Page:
The economic consequences of unemployment and underemployment are staggering. Lost productivity and reduced competitiveness impact employers. Lost tax revenues, social assistance, corrections, stress-induced health costs alone run into $billions annually for all levels of government. The human consequences are higher. With the coming perfect storm, helping as many citizens as possible connect with fulfilling, family-sustaining 21st century careers has become an economic imperative. The most effective way for governments to reduce deficits and debt, and for companies to increase productivity and grow, is by getting the right people in the right jobs, fully engaged in creating economic prosperity for their companies and communities.
On the upside, this may be the best period in history to be imagining and preparing for a career, or a career transition. In our increasingly “flat world,” more career options are available than ever. Moreover, one can now work for any organization in the world, and vice versa. Young people and adults who know themselves and understand their assets, are aware of emerging career opportunities, have a sense of direction and purpose, and have the education, skills and attitudes the 21st century workforce demands will have employers competing for their talents lifelong.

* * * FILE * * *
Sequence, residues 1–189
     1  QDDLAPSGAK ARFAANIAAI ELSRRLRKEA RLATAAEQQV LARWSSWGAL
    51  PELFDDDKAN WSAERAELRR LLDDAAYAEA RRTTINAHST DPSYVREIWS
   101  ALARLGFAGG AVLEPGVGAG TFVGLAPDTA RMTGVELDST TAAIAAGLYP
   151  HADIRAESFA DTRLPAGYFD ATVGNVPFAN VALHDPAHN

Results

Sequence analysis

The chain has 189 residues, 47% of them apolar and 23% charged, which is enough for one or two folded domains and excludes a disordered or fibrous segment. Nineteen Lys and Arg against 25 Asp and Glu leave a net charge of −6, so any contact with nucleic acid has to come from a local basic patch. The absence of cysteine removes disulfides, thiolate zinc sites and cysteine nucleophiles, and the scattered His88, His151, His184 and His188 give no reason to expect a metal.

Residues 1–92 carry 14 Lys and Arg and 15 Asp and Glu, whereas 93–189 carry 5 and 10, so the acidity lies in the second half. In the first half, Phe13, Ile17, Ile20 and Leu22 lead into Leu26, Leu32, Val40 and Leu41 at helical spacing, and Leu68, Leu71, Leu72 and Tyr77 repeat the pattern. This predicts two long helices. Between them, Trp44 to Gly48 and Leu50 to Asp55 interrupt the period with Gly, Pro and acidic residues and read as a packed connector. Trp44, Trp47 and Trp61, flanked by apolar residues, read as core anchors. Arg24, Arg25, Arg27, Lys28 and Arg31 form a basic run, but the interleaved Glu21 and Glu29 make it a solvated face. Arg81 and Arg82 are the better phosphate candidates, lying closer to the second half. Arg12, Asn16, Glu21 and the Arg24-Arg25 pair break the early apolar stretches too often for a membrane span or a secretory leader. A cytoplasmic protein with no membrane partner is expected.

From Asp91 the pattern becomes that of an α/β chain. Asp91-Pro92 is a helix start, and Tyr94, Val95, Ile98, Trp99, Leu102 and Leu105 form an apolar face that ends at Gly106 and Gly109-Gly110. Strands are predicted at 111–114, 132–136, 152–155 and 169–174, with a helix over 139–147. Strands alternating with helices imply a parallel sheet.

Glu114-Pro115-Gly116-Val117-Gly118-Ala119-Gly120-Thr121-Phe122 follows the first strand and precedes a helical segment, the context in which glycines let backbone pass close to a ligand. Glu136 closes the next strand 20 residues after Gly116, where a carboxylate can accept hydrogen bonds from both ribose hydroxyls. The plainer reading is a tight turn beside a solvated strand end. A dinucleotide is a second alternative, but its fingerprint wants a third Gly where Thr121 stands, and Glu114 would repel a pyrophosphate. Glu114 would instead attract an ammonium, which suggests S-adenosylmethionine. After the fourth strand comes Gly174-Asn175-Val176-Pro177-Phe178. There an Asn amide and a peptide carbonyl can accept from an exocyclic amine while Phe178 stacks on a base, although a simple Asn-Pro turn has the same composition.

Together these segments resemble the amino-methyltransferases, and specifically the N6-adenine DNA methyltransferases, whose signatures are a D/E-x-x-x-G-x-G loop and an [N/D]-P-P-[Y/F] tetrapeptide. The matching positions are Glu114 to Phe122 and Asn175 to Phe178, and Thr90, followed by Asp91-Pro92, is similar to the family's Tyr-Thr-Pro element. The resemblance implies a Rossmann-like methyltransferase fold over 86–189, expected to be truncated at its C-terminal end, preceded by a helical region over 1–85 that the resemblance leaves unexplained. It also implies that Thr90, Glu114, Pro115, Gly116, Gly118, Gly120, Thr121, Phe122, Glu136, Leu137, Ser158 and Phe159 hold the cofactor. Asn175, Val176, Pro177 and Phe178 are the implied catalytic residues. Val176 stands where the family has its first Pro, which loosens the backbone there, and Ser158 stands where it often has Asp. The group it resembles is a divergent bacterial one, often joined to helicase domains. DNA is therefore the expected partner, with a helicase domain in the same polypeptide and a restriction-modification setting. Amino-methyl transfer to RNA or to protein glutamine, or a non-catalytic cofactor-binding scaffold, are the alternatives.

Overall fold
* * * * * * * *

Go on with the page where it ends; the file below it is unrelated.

In raw numbers, the biggest workforce challenge is upgrading the skills of current workers and adult job seekers. Few employers invest adequately in employee career management, training, and development. Few workers proactively invest in upgrading their skills. Unless their employer provides for skills upgrading, few workers can afford to quit work to upgrade their skills.
The majority of today’s youth exit the educational system into unemployment, underemployment, or mal-employment, often mired in student loan debt and confusion about their immediate career prospects. Too many students, even those with university degrees, begin their careers in minimum wage jobs unrelated to their studies, with little prospect of paying off their student loans let alone buying a car and home and beginning a fulfilling adult life.
Given the coming exodus of high-end talent boomers will take with them into retirement, and the increasingly inadequate supply of young talent, ensuring youth exit the educational pipeline into early career success has become an economic and social imperative.
Today’s students need higher skill levels than any cohort before them. Yet, key 21st century “essential” skills employers now insist upon are not in core curriculum in most secondary and postsecondary programs. Many students fail to see personal relevance in traditional academic curricula, thus they are not fully engaged in their learning and are underachieving. All job sectors experiencing growth require at least some level of postsecondary education, yet of 100 students in the 9th grade today, fewer than 25 will graduate on schedule with a post-secondary degree, diploma or certificate.